When considering a Contract Manufacturer for a Precision Sheet Metal Fabrication Process for a part to be fabricated out of sheet metal, you need to know the processes available to understand how you will design your sheet metal fabricated part to be the most economic manufactured. Each process has its positives and negatives.
Many fabricators will force-feed you what is easier for them, not necessarily what is best for your product in quality and cost. Let us summarize the major process;Laser Cutting, CNC Turret Punch Press, Press Brakes, and Traditional Sheet Metal Mold Stamping or Progressive Die Mold Stamping using a mold, pointing out the positives and negatives of the processes together below:
Laser cutting is a simple sheet metal fabrication process using a laser to cut a pattern out of a sheet metal sheet/plate. A sheet metal plate is put on a table, and either the laser is programmed to move, or the table is programmed to move to cut the shape required. This is the go-to for many products because it can be quickly and easily programmed from a 2D drawing to cut any simple to very complex shapes.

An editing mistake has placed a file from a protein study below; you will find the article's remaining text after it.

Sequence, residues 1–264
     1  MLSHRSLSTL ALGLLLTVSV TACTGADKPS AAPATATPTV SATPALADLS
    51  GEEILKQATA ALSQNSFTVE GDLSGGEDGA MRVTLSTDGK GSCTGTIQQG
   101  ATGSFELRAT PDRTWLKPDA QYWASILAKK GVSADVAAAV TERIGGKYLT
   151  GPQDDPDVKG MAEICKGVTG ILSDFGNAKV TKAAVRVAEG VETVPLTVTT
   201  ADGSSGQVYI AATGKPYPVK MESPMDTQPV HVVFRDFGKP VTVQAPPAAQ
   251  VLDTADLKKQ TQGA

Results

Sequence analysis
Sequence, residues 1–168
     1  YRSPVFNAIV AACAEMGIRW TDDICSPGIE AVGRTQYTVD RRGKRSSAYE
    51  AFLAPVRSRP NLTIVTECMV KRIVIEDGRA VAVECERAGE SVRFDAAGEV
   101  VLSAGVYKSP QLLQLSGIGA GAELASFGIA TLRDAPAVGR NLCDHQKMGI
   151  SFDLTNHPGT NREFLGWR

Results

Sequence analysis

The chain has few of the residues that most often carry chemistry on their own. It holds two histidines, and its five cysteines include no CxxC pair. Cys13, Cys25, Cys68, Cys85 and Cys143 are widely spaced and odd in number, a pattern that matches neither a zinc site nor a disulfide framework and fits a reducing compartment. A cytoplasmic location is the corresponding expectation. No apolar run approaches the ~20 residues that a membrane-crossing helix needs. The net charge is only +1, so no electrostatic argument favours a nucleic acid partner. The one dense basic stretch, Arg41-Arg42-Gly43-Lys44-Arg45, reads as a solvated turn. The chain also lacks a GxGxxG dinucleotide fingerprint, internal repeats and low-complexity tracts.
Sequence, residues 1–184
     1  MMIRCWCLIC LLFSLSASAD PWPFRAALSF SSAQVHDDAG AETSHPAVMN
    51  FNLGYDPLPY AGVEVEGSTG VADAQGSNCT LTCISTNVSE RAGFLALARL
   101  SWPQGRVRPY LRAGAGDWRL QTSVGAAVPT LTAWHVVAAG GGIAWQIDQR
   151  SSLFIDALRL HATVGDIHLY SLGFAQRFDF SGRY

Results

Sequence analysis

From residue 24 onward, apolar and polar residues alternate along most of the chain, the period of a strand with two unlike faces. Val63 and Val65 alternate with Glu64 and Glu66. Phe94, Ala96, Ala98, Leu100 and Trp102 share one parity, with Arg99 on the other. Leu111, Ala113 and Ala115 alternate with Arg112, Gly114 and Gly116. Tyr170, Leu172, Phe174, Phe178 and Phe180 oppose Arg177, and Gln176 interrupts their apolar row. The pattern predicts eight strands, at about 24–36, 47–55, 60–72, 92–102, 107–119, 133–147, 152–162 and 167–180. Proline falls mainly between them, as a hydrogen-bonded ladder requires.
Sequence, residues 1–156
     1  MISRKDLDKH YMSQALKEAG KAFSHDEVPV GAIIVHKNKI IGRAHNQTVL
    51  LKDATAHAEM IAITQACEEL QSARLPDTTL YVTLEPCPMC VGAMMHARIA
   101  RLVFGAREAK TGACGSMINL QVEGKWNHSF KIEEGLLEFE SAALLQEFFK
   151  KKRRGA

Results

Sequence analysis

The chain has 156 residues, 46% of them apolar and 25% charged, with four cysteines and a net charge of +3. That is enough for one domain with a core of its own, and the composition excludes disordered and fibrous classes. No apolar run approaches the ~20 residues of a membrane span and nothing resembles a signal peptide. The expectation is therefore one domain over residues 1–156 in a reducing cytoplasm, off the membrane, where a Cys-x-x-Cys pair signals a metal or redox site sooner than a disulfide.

Summery, if you have a low quantity, very complex shape precision sheet metal fabricated parts, stainless steel material, or thick material, Laser Cutting is an excellent option. However, laser cutting is easy to set up for the fabricator, so be aware they might force-feed you this process if they are not equipped or specialized in other processes.
In the sheet metal fabrication process, the CNC Turret Punch Press process that uses a turret that will quickly change tools to cut the desired shape while normally, the table is programmed to move to accept the punch tool. The CNC punch tool rapidly goes up and down, and nibble’s the cutout. Think of a 2” square hole. You would use a ½” cutter to nibble the cutout along the cut line until the cutout is complete.
Summery, if you are looking at routine production parts in Carbon Steel or Aluminum between the production quantities of 100-1000 or be able to do design changes on the fly, the CNC Turret Punch Press is an excellent process to use.